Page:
Byron Maxwell a good fit with NFL champion ‘Legion of Boom'

Swinney: 'By the time he was a senior he was an outstanding cover corner. He is a unique player.”

Denver Broncos' Demaryius Thomas, left, fumbles the ball as he his hit by Seattle Seahawks' Byron Maxwell during the second half of the NFL Super Bowl XLVIII football game Sunday, Feb. 2, 2014, in East Rutherford, N.J. Maxwell finished the game with four solo tackles and a caused fumble. (AP Photo/Ben Margot)

Denver Broncos' Demaryius Thomas, left, fumbles the ball as he his hit by Seattle Seahawks' Byron Maxwell during the second half of the NFL Super Bowl XLVIII football game Sunday, Feb. 2, 2014, in East Rutherford, N.J. Maxwell finished the game with four solo tackles and a caused fumble. (AP Photo/Ben Margot)

Long before he was a member of Seattle’s “Legion of Boom,” Byron Maxwell was a hard-hitting defensive back for the Clemson Tigers, bringing the boom to receivers all across the ACC and beyond.

Although his expertise came on special teams and he mostly came off the bench until his senior season of 2010 (he had just eight collegiate starts at cornerback), he made an unmistakable impact when he was on the field.

Thanks to the impact he made with the Seahawks in 2013, he’ll soon be fitted for a ring reserved for Super Bowl champions.

Maxwell had four unassisted tackles and forced a momentum-killing fumble in Seattle’s 43-8 thrashing of Denver on Sunday in Super Bowl XLVIII.

“He has the length and the speed to be physical with these big wide receivers in the NFL and we saw that (Sunday),” Clemson coach Dabo Swinney said. “I am so proud of him. I think he will be an outstanding pro for many years to come.”

Along with fellow corner Richard Sherman and safeties Kam Chancellor and Earl Thomas, the “Legion of Boom” secondary was a cornerstone of the league’s best defense, one that completely throttled the NFL’s most potent offense on Sunday.

“The game plan was to focus on us,” Maxwell said during Sunday’s postgame news conference. “We focused on us. It really was about us at the end of the day.”

From a safety 12 seconds into the game to the last tick of the fourth quarter clock, the Seahawks were in charge.

Maxwell said the performance was a reflection of what head coach Pete Carroll preaches — go out, size up the job, and get the job done.

“I think he does a great job of just making every day seem like it’s a championship game,” Maxwell said. “This really hasn’t even hit me because … I don’t want to say it feels like a regular game, but it feels like a regular game in a sense. He does a great job of that.”

Maxwell’s biggest contribution came when Demaryius Thomas caught a pass at the Seattle 21 in the third quarter with the Broncos trailing 29-0. Maxwell reached in and stripped the ball, forcing a fumble that was recovered by MVP Malcolm Smith — a turnover that effectively ended any and all hope for Denver.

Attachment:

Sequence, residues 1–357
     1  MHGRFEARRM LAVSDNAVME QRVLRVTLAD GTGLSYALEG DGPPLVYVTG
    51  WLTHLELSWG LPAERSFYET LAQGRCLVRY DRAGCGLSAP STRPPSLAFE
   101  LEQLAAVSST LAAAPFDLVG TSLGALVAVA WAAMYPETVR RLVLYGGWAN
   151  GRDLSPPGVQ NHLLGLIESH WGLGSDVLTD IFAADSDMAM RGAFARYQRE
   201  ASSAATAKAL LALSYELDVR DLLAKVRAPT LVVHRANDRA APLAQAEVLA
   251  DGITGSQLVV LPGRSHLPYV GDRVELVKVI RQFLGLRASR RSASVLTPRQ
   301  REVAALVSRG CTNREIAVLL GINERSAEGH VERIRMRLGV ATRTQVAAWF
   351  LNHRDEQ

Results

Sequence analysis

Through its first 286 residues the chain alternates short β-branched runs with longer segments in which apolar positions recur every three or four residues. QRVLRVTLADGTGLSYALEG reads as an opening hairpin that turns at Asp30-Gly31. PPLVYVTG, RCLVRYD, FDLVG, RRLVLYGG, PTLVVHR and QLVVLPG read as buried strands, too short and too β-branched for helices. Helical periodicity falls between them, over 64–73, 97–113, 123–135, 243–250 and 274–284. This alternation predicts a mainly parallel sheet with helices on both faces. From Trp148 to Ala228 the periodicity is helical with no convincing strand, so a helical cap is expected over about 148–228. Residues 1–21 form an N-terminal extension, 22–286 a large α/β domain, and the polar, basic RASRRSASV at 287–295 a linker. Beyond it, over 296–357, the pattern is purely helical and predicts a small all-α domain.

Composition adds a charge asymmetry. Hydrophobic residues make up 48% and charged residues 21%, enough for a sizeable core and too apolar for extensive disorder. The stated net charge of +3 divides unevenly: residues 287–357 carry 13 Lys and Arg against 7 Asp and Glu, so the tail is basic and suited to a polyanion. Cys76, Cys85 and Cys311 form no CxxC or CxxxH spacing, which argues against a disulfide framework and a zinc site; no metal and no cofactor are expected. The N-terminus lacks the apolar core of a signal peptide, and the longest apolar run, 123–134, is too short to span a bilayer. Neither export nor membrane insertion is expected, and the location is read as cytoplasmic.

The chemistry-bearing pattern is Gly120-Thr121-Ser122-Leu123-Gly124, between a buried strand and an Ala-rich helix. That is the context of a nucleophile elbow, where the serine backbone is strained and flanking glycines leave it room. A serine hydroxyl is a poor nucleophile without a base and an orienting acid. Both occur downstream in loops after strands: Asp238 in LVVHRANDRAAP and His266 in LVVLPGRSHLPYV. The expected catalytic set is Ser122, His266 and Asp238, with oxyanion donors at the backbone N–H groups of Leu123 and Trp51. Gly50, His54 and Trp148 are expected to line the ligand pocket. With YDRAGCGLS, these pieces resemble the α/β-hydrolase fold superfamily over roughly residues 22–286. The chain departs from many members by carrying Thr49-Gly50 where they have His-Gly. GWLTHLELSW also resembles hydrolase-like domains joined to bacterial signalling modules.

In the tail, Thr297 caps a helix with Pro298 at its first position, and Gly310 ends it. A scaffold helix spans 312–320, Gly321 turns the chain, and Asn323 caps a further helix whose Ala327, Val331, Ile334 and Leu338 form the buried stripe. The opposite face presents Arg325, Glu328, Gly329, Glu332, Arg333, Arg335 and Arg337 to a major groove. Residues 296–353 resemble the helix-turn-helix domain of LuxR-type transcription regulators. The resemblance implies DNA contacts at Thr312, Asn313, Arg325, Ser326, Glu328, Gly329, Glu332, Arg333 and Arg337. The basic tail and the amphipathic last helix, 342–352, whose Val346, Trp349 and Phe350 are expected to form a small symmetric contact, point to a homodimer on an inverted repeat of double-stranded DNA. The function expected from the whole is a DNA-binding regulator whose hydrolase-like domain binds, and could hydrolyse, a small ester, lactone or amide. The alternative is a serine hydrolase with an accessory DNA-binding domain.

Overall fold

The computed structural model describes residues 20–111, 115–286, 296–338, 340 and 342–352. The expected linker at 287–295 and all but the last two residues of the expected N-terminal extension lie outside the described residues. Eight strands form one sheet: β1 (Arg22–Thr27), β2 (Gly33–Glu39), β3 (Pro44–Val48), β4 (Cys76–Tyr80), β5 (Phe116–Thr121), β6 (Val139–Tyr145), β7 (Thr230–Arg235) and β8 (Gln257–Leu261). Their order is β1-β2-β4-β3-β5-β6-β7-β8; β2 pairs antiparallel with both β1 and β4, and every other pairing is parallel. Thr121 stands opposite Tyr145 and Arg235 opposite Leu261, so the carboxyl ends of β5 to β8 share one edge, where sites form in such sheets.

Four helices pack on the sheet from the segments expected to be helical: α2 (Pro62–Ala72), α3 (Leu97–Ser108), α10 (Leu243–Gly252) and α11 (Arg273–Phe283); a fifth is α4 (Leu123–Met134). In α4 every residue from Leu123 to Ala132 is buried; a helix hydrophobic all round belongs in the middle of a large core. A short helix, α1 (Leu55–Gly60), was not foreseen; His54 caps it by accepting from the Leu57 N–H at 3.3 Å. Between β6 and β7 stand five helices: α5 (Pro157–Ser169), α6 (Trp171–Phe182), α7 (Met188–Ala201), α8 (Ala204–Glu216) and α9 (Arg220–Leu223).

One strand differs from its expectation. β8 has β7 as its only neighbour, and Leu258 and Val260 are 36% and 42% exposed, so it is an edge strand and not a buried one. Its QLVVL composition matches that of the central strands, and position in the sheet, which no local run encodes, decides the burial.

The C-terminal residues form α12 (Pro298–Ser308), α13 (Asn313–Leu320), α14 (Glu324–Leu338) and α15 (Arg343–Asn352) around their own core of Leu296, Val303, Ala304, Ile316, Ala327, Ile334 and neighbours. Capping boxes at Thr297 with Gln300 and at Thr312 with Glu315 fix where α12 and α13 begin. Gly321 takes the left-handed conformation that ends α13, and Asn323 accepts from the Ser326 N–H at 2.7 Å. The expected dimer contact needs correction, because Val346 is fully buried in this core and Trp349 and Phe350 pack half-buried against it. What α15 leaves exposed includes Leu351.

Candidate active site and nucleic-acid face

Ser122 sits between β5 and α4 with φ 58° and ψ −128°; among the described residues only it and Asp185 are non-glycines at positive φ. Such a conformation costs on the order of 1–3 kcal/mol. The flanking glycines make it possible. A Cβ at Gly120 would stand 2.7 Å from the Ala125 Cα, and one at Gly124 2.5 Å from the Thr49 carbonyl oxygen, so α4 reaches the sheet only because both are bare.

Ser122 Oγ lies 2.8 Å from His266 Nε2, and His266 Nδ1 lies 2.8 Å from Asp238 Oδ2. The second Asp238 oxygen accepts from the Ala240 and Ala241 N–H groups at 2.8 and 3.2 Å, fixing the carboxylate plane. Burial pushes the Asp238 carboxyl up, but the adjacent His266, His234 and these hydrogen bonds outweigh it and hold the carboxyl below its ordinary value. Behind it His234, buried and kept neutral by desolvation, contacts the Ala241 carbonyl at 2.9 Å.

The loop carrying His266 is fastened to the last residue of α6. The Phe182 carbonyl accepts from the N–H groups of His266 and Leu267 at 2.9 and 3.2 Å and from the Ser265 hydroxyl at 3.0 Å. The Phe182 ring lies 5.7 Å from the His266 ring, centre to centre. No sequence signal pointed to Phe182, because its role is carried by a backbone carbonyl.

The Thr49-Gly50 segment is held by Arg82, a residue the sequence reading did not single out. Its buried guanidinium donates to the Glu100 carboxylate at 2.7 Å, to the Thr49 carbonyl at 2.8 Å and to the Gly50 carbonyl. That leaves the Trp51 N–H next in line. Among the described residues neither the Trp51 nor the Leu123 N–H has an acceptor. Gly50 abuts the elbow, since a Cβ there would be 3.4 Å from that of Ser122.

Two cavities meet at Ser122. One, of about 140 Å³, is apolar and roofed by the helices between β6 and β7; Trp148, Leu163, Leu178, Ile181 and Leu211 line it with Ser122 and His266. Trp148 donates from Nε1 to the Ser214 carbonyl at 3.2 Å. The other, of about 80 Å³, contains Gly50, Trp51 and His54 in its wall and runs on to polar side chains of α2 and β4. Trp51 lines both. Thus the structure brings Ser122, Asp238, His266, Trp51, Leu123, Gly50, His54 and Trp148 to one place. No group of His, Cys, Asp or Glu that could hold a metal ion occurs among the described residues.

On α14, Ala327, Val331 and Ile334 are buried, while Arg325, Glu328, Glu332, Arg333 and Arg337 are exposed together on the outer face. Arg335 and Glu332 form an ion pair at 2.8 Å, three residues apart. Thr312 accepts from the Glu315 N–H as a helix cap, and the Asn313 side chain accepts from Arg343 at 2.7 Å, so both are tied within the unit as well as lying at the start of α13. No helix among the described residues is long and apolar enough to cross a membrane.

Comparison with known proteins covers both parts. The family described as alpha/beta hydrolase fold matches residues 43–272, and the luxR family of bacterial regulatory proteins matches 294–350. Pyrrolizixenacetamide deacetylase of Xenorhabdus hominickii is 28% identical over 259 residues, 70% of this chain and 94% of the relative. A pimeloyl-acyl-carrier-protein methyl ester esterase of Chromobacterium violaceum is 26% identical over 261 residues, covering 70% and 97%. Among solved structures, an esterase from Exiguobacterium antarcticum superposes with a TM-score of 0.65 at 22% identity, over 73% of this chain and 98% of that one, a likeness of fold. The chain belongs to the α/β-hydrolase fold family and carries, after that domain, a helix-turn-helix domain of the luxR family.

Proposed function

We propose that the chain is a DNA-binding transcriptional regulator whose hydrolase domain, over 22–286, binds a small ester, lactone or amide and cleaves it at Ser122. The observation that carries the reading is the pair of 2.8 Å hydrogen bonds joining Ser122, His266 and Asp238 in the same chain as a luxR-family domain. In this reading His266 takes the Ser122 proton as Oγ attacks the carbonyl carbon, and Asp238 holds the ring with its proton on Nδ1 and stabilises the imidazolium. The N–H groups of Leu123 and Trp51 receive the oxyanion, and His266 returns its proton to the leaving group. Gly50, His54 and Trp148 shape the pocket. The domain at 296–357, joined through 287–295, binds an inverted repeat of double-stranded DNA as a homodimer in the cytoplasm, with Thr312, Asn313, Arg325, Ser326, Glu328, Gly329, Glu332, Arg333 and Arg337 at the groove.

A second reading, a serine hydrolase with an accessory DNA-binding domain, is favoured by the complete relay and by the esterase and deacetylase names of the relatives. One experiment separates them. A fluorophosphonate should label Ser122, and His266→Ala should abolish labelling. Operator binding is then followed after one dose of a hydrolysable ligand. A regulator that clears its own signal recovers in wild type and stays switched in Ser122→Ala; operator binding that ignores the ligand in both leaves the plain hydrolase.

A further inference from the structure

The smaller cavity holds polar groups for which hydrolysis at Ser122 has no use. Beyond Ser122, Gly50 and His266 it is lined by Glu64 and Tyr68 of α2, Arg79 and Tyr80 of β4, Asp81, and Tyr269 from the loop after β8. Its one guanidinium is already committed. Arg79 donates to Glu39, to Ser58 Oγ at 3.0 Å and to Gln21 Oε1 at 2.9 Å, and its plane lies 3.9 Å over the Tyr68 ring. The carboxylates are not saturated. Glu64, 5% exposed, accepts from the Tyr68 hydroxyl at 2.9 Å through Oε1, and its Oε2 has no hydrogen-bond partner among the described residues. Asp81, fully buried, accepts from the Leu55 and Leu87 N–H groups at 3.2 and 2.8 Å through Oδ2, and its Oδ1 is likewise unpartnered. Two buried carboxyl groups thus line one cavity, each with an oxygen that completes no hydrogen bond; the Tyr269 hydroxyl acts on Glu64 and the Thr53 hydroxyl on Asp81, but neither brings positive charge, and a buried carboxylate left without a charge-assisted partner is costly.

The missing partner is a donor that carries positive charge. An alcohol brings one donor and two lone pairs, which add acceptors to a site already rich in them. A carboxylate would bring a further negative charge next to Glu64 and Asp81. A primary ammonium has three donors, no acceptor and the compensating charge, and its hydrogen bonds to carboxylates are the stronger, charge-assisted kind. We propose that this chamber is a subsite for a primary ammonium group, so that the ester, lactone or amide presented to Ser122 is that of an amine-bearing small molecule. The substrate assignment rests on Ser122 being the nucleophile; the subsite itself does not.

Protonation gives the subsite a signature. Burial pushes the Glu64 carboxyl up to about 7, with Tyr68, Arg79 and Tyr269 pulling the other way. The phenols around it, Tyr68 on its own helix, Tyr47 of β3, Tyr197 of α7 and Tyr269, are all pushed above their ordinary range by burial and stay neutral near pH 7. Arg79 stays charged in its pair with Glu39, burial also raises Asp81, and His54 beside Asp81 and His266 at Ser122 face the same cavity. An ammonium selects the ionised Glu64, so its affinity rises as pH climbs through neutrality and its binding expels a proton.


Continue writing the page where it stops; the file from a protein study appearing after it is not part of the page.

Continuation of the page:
“(I was) trying to do too much,” Thomas said. “I was trying to make a play, and (Maxwell) did a great job of hitting the ball and getting it out. I was trying to make a move, he punched it out.”

Maxwell liked his team’s chances at that point, but also knew what the opposing quarterback was capable of doing.

“I felt like we were playing well, but it’s Peyton Manning,” Maxwell said “He’s legendary. We knew we had to stay on our P’s and Q’s and our technique the whole time or he could capitalize.”

The 6-1, 207-pounder finished his third season in the NFL with 28 tackles in 19 games and five starts. When he took the field on the game’s opening possession on Sunday it marked the first time a former Clemson player had started a Super Bowl in 14 years.

He had four picks for the year and has now accounted for 33 solo tackles (43 in all), four interceptions, two forced fumbles and three fumble recoveries since being taken with the eighth pick of the 2011 NFL Draft’s sixth round.

While playing for Swinney, Maxwell had 165 tackles, 11.5 tackles for loss, a sack, four interceptions, 20 pass breakups, and six forced fumbles.

Forty-five of his Tiger takedowns came on special teams.

“Just like he did here, he is getting better and better each year,” Swinney said. “When he came to Clemson he was coming off a torn ACL (in 2006) and had to sit out the year. But he improved each year and by the time he was a senior he was an outstanding cover corner. He is a unique player.”

For now, though, the present trumps the past for Maxwell. He and the rest of the Seahawks are still celebrating the first world title in franchise history — and one of the most lopsided Super Bowls ever played.

“We certainly thought we were capable of this,” Maxwell said. “It’s just one of those things. It just happened. Everything clicked. Everything happened at the right time.

“We did it.”

© 2014 OrangeAndWhite.com. All rights reserved. This material may not be published, broadcast, rewritten or redistributed.

  • Discuss
  • Print

Related Topics

Comments » 0

Be the first to post a comment!

Share your thoughts

Comments are the sole responsibility of the person posting them. You agree not to post comments that are off topic, defamatory, obscene, abusive, threatening or an invasion of privacy. Violators may be banned. Click here for our full user agreement.

Comments can be shared on Facebook and Yahoo!. Add both options by connecting your profiles.

Features